1. Steady

    Obama Sticks to Afghan Timetable

    WASHINGTON, DC - MARCH 14:  (AFP OUT) U.S. President Barack Obama (R) and British Prime Minister David Cameron participate in an official arrival ceremony on the South Lawn of the White House March 14, 2012 in Washington, DC. Prime Minister Cameron is on a three-day visit to the U.S. and he is expected to have talks with Obama on the situations in Afghanistan, Syria and Iran.  (Photo by Chip Somodevilla/Getty Images)

    Chip Somodevilla / Getty Images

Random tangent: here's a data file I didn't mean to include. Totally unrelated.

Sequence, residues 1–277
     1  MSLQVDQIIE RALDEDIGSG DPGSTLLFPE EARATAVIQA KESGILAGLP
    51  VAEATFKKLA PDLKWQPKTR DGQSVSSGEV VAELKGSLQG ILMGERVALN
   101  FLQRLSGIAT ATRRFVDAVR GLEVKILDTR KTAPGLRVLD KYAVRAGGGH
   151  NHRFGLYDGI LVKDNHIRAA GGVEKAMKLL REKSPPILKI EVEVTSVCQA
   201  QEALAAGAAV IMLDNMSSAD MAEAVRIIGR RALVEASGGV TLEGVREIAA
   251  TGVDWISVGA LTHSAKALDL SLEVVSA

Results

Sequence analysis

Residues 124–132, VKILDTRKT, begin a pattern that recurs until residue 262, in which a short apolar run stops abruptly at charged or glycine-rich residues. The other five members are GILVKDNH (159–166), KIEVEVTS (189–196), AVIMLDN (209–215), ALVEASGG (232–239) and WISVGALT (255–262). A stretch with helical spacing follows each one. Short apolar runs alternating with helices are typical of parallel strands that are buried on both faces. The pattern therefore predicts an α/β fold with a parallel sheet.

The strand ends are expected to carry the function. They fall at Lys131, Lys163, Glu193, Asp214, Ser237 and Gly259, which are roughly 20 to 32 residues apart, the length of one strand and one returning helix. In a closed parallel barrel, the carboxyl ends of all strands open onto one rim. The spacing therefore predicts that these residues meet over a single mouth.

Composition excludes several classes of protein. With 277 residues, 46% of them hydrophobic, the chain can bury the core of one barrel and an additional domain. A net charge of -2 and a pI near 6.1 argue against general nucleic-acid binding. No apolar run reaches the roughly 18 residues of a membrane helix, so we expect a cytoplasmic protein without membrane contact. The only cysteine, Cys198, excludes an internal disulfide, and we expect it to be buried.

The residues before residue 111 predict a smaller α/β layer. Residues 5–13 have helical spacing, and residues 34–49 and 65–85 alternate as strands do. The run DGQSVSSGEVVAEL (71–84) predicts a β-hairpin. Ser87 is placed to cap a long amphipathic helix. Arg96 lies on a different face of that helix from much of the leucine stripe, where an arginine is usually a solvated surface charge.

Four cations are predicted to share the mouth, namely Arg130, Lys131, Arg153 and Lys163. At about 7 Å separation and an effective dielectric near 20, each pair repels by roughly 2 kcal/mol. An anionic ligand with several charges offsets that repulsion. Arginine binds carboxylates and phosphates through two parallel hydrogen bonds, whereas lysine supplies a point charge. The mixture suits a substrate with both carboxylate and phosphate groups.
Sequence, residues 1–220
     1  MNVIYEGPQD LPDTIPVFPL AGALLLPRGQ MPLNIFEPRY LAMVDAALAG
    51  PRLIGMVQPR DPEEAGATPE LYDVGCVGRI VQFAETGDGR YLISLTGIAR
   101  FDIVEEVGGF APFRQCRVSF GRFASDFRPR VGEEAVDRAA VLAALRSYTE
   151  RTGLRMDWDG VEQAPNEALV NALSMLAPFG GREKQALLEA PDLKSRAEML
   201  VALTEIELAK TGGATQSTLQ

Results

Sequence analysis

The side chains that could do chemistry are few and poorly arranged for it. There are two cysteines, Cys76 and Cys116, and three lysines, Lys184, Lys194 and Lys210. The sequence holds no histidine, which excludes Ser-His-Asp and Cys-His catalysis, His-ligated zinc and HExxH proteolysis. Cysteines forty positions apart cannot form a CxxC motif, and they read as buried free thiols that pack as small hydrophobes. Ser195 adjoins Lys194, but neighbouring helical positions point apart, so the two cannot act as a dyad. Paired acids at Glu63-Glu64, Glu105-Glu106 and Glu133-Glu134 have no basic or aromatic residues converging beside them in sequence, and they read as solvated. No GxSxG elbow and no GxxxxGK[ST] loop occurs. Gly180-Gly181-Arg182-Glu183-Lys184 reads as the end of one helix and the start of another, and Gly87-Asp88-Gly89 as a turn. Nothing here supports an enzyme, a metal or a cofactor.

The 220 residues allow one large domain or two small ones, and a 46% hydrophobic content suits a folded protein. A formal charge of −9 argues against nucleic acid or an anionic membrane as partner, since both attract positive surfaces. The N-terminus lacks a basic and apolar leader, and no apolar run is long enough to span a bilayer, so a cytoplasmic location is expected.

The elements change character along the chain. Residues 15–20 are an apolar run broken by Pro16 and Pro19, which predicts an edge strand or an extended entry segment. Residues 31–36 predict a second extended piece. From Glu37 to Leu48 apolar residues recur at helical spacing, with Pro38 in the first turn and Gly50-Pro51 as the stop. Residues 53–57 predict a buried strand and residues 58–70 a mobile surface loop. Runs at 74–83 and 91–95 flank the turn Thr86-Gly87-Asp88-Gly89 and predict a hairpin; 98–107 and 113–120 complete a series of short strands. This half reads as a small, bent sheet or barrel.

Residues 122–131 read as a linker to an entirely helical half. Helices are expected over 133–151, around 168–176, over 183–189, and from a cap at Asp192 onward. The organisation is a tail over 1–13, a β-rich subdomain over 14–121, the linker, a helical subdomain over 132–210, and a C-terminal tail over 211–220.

British Prime Minister David Cameron and U.S. President Obama pledged on Wednesday to stick to the agreed-upon timetable for withdrawal in Afghanistan, despite the recent upheaval after a U.S. soldier opened fire on unarmed civilians. Obama admitted there has been a “drift” in Afghanistan since he took office and he admitted that “no one wants war,” but Obama insisted that the U.S. is committed to finishing its mission there. Cameron said recent events serve as an important reminder of how dangerous this mission is, since “Afghanistan must never again be a safe haven for attacks against us.” As for Syria, Cameron said “we must maintain the strongest pressure to all those who are resisting change” and he pledged to “work with anyone who is willing to build a stable, inclusive and democratic Syria for all Syrians.”

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